Dr. Rhodes served on LVC’s Board of Trustees in various roles from 1957–1974, including on the Public Relations, Faculty, and Executive committees. He also participated on many faculty committees, including Faculty Affairs, Central Committee of Faculty, Honors Committee, and Centennial Committee, and was selected as the Commencement speaker for the College’s 100th anniversary graduation in 1967.

An active fundraiser for the College, Dr. Rhodes chaired the Annual Giving Committee for Faculty, Administration, and Staff for a quarter century (1958–1983), and chaired the Capital Funds Campaign for Faculty, Administration, and Staff for both the Centennial Fund and Fund for Fulfillment campaigns. He was a member of the Towards 2001 campaign committee and a charter member of the College’s Thomas Rhys Vickroy Society.

In addition to being a member of the Society of Sigma Ix, Dr. Rhodes was a member of the American Physical Society, as well as the American Association of Physics Teachers, for which he served terms as secretary-treasurer, vice president, and president of the Central Pennsylvania Section. 

Dr. Rhodes’ service and commitment to his students was widely recognized. He was selected as an Outstanding Educator of America in 1970 and 1975. In 2007, a former faculty colleague, Dr. Agnes O’Donnell, late professor emerita of English, and a former student, Dr. Elizabeth M. Bains ’64, established The Rhodes and O’Donnell Endowed Physics Research Fund in honor of Dr. Rhodes and in memory of Professor J. Robert O’Donnell, late professor emeritus of physics. 

“Jake was a great teacher,” said Dr. Don Dahlberg, professor emeritus of chemistry, who was a faculty colleague for more than a decade. “Students were always number one in his priorities.”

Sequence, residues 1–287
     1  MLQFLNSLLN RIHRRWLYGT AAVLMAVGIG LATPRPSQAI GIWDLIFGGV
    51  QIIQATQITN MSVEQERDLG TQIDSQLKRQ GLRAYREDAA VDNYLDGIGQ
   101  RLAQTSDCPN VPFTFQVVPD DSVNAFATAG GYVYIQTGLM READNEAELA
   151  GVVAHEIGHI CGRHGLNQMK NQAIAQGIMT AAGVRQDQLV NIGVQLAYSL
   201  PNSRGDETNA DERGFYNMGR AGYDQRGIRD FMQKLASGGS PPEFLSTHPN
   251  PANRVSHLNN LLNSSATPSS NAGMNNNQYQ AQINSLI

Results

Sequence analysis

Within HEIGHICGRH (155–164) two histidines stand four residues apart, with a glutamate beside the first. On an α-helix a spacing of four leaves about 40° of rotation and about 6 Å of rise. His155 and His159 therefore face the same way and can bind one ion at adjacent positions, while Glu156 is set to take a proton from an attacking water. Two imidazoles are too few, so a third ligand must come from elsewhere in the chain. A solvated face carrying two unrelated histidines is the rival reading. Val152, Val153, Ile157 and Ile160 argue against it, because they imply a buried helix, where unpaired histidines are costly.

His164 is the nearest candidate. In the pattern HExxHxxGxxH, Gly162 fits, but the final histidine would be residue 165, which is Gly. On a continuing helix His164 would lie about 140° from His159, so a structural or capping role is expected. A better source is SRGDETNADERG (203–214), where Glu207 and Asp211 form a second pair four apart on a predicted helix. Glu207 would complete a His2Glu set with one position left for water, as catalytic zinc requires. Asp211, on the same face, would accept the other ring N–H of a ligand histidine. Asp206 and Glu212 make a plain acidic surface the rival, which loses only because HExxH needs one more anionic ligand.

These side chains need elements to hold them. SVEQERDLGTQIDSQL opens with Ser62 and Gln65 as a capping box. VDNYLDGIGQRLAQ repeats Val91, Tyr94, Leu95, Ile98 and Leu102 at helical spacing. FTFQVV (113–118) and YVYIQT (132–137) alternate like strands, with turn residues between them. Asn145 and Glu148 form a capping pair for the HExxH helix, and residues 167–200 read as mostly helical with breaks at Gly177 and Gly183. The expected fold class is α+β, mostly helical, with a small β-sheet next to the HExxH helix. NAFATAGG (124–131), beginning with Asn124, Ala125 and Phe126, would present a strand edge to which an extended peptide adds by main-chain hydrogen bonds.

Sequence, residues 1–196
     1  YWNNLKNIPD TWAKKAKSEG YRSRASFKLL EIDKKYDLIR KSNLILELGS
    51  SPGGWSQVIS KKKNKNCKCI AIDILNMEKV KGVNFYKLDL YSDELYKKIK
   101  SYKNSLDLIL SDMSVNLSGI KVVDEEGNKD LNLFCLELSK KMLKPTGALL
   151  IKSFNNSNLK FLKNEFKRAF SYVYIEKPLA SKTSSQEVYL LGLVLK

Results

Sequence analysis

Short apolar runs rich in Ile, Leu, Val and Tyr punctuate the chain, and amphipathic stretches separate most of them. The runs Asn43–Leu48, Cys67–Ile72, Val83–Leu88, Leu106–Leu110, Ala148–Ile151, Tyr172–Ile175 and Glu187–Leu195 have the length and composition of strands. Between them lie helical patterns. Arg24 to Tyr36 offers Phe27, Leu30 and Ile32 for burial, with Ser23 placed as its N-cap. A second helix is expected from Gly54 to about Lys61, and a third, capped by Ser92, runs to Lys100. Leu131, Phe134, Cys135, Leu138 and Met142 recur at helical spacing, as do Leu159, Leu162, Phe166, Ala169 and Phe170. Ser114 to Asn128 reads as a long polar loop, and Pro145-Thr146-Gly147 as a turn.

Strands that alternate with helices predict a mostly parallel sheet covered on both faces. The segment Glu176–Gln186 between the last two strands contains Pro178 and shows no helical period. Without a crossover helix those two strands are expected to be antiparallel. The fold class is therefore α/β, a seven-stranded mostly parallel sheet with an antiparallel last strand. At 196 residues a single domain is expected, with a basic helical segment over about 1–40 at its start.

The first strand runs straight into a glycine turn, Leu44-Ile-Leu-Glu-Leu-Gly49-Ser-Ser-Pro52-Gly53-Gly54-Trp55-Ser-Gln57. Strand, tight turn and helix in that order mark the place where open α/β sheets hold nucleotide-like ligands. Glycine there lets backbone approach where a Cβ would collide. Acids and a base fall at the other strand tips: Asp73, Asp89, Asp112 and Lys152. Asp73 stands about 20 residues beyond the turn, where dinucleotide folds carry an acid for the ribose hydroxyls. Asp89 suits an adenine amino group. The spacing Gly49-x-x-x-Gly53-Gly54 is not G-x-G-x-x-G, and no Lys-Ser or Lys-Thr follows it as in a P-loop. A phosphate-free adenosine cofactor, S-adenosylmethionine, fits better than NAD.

In addition to teaching as an adjunct professor at LVC after retirement, Dr. Rhodes volunteered with the Annville Free Library, Meals-on-Wheels, Lancaster-Lebanon Literacy Program, and Spang Crest Manor. He also was the legislative chair of the Lebanon County Chapter of the American Association of Retired Persons, served two terms as chair of the Annville Township Planning Committee, and served 12 years on the Congregation Council of St. Mark Lutheran Church. 

In 2013, Dr. Rhodes wrote the 100th anniversary history of LVC’s physics program, which is available in the College’s Archives. He also helped organize the Centennial anniversary/reunion for the program, which was held April 12, 2014. 

Dr. Rhodes was the husband of Ruth E. Basehore Rhodes for more than 50 years until her death on July 27, 2010. Surviving are three daughters and one son, Andrea and her husband, Timothy Salem of Wernersville; Marcia and her husband, Steven Garcia of Camarillo, Calif.; Carol and her husband, Dax Norman of Lewes, Del.; William Rhodes ’87 and his wife, Stephanie of Newark, Del.; a granddaughter, Victoria Ruth Norman; and a grandson, Jacob Thomas Rhodes; and many nieces and nephews. He was preceded in death by three brothers, R. Earl, Russell A., and William L. Rhodes; and by four sisters, Nina Rhodes, Velva Steffy, Fleta Basehore, and Catherine Reich.